How to Manage Chemical Spills: A Complete Guide

Originally published February 3, 2021 02:53:16 AM
Hazardous chemical spills can occur in a variety of different workplaces across Australia, potentially harming people, property and the environment.

This guide outlines how to:

  1. Plan for the prevention of chemical spills, including implementing practical controls to ensure chemicals are appropriately stored and handled
  2. Respond to spills when they occur, including risk assessment, spill containment, clean-up and reporting

 Industrial chemicals in Australia - Source:

REMEMBER: Under the WHS Act, an uncontrolled chemical spill or leakage is classed as a dangerous and notifiable incident. The regulator in your state or territory must be notified in writing as soon as possible following a chemical spill.

Who Should Use This Guide to Chemical Spill Management?

This guide applies to any workplace that stores or handles hazardous chemicals onsite. These can include flammable, corrosive or toxic liquids or compressed (pressurised) gases.

The guide is for people who work in industries such as the following examples:

  • Chemical manufacturers storing and handling industrial chemicals
  • Office buildings storing heavy-duty cleaning products
  • Automotive businesses storing motor oils and fuel
  • Farming businesses using and storing fuel and agricultural chemicals
  • Fuel service stations storing petrol, diesel, oil and gas
  • Food manufacturers producing milk products, fruit juices, etc.
  • Fast food restaurants and outlets using and storing cooking oil
  • Research laboratories storing and handling hazardous chemicals

Personnel responsible for workplace health and safety or site management can use this resource to better understand chemical management procedures and develop a suitable chemical spill response plan.


A chemical spill kit is a vital component of a chemical spill response plan

What Causes a Chemical Spill?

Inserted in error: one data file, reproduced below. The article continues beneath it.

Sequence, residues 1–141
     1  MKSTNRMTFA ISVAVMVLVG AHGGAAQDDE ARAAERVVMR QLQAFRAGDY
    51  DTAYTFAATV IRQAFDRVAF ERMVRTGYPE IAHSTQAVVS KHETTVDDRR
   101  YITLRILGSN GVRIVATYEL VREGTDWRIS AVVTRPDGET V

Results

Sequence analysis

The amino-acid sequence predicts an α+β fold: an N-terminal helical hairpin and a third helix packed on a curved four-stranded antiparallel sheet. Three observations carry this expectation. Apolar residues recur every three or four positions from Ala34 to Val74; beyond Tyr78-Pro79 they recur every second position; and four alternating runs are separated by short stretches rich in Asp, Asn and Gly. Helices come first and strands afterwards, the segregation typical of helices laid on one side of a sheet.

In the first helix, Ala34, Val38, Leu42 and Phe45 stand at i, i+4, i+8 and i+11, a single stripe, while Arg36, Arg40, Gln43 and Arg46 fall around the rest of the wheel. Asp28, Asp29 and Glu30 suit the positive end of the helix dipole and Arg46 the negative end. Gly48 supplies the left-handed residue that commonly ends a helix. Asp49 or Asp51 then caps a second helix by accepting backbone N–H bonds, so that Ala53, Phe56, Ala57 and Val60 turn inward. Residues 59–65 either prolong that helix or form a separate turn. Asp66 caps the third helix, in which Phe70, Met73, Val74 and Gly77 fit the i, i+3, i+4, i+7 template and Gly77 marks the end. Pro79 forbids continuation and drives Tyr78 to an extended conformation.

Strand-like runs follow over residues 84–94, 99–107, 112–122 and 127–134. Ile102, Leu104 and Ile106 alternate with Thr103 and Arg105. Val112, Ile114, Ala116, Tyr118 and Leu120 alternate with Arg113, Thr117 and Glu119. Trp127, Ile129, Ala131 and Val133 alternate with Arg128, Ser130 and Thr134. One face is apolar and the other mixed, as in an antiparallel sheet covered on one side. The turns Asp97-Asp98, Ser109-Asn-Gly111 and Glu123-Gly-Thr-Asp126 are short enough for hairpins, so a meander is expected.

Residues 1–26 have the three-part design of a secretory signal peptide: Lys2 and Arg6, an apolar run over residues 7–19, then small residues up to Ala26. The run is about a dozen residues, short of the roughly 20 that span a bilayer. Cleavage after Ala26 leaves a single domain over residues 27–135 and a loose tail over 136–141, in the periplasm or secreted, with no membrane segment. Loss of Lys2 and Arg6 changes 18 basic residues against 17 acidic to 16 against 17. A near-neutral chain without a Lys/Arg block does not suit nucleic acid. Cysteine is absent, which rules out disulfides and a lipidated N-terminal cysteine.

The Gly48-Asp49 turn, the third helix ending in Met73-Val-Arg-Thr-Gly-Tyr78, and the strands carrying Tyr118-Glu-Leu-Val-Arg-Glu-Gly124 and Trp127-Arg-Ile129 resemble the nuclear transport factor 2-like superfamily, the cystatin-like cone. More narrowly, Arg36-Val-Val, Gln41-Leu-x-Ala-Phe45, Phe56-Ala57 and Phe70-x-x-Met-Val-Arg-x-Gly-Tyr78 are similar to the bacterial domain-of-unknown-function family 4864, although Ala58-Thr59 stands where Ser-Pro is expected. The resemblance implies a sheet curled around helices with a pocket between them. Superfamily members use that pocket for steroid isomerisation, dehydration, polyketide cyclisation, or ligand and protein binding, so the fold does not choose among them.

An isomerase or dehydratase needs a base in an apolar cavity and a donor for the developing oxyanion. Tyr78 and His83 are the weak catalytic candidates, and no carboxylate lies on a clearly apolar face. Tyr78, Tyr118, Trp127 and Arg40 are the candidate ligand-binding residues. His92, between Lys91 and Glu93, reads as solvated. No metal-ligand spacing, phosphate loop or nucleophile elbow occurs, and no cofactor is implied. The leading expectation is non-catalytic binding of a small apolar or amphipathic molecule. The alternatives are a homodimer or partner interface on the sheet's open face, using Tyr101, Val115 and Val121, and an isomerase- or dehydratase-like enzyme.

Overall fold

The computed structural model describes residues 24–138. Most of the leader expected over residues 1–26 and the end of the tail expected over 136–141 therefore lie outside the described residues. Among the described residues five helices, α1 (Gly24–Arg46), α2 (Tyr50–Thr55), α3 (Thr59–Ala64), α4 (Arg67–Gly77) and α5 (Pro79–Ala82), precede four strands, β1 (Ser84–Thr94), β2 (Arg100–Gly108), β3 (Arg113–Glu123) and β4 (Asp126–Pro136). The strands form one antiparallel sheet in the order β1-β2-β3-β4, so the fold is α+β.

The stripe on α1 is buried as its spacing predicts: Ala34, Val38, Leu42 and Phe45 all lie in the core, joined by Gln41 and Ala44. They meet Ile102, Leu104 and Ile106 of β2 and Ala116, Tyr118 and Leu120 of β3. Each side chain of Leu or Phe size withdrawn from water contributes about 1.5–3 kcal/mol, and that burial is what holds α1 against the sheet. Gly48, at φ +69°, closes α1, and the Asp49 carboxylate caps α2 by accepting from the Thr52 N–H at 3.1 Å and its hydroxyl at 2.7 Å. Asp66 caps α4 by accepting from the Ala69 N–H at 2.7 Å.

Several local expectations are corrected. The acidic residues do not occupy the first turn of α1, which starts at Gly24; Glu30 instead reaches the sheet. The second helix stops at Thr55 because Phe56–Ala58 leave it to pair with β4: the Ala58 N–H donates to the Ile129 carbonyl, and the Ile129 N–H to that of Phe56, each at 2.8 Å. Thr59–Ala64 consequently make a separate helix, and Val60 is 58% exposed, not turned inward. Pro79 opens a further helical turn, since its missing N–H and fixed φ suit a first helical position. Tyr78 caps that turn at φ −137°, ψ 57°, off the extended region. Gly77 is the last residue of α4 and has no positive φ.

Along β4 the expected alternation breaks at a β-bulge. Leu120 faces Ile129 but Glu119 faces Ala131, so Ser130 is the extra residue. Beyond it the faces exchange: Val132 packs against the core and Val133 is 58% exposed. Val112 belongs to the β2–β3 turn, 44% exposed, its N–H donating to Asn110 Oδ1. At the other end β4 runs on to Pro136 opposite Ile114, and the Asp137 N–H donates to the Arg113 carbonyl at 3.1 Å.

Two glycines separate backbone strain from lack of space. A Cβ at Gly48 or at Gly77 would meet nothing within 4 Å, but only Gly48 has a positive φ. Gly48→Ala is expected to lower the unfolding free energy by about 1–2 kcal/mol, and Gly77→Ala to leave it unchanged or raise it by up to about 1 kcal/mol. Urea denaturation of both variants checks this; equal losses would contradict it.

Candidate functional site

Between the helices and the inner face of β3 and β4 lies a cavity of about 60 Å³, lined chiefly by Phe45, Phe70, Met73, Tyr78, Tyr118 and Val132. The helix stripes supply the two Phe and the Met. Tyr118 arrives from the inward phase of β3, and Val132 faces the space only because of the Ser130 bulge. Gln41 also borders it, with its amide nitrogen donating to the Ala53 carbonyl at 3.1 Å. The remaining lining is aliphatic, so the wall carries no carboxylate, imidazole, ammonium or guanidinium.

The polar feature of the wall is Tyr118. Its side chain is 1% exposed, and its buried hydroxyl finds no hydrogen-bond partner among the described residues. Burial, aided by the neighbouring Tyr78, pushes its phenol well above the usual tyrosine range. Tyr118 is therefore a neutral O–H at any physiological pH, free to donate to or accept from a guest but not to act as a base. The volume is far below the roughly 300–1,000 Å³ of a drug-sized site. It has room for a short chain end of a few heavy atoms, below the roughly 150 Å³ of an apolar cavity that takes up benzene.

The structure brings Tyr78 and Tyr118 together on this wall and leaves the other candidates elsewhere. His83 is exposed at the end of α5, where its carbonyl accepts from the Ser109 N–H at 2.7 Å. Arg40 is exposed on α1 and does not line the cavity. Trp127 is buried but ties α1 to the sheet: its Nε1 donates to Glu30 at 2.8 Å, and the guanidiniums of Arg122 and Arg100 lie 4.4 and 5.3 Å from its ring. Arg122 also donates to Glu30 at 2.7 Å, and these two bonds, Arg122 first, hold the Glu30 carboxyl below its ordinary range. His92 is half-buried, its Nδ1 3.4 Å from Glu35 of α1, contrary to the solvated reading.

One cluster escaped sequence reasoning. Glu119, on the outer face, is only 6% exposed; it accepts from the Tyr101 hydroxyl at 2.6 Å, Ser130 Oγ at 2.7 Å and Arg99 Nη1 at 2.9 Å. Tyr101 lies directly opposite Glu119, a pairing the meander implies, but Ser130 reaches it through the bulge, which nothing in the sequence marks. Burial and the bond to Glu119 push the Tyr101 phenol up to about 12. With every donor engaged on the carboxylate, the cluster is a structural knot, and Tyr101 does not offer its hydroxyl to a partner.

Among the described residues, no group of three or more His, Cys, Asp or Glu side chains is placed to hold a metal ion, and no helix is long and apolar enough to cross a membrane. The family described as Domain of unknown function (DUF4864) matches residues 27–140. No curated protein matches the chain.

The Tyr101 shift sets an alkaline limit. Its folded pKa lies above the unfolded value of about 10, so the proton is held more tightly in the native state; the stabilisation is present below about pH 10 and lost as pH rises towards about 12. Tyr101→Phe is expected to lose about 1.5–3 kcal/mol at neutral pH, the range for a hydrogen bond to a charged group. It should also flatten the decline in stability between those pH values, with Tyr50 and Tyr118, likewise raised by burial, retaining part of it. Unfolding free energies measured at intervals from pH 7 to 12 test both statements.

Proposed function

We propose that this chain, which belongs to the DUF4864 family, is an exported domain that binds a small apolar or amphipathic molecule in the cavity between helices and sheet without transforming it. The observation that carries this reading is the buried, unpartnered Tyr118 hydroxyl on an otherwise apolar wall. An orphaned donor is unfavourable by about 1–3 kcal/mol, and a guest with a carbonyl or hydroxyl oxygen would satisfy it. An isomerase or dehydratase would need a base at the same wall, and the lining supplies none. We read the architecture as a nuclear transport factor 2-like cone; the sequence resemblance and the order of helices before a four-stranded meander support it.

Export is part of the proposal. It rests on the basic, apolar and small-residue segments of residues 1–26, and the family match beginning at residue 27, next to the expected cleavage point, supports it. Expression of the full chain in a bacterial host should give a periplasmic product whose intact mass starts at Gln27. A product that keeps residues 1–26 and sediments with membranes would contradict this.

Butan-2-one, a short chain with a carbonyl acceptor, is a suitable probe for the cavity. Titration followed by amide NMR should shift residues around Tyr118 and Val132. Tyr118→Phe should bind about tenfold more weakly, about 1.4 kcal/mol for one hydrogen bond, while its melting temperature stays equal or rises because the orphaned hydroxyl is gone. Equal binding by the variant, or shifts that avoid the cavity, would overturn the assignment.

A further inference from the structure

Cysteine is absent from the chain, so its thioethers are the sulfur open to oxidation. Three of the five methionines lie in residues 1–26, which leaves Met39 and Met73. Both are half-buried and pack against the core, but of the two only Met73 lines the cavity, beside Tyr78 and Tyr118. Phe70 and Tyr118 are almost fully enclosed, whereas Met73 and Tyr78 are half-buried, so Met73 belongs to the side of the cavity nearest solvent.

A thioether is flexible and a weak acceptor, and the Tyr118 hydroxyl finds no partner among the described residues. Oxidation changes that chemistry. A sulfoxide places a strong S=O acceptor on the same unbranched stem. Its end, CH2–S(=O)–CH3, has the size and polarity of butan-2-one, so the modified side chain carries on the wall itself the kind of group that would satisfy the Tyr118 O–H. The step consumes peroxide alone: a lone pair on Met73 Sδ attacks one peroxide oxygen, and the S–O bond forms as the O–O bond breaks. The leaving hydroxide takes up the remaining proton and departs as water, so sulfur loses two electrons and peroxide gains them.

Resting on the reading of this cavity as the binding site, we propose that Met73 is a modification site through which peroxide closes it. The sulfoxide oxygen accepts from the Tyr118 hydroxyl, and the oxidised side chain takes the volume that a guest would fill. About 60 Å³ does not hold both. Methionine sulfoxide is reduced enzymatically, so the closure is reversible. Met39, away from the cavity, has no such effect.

Accidents happen. But some chemical spills are accidents waiting to happen. Which is why prevention is one of the most important parts of your workplace’s chemical management program.

But spills occur in even the most well-prepared workplace environments. Which is why a tailored chemical spill response plan involving appropriate spill containment and clean-up equipment is also essential.

Developing and promoting an understanding among all workplace personnel of why chemical spills happen and what causes spill accidents to occur is a logical way to approach chemical management.

What are Contributing Factors to Chemical Spills in the Workplace?

Consider the following workplace scenarios where an avoidable chemical spill occurs due to various possible contributing factors.

A container of hazardous chemicals stacked on top of several other identical containers falls to the ground and ruptures, spilling an uncontrolled quantity of dangerous chemical that presents a significant threat to the health and safety of personnel and harm to the environment.
  • Stock levels of hazardous chemicals are in excess of what is able to be stored safely and expediently upon delivery
  • Insufficient safe chemical storage capacity
  • Breakdown in purchasing and delivery procedures, e.g., delivery of larger quantities of chemicals than are actually required for that workplace
  • Lack of available personnel trained in the handling of chemical goods, e.g., due to early/late delivery by supplier when required personnel not rostered on
  • Inadequate supervision of personnel, e.g., chemical deliveries not stored in designated area immediately after delivery
  • Plant equipment not kept in good working order, e.g., forklifts, trolleys, mechanical lifting devices
An uncontrolled quantity of a hazardous chemical is spilled on the workplace floor during a decanting process transferring the chemical from one container to another, endangering the health and safety of the personnel involved and potentially harming the environment.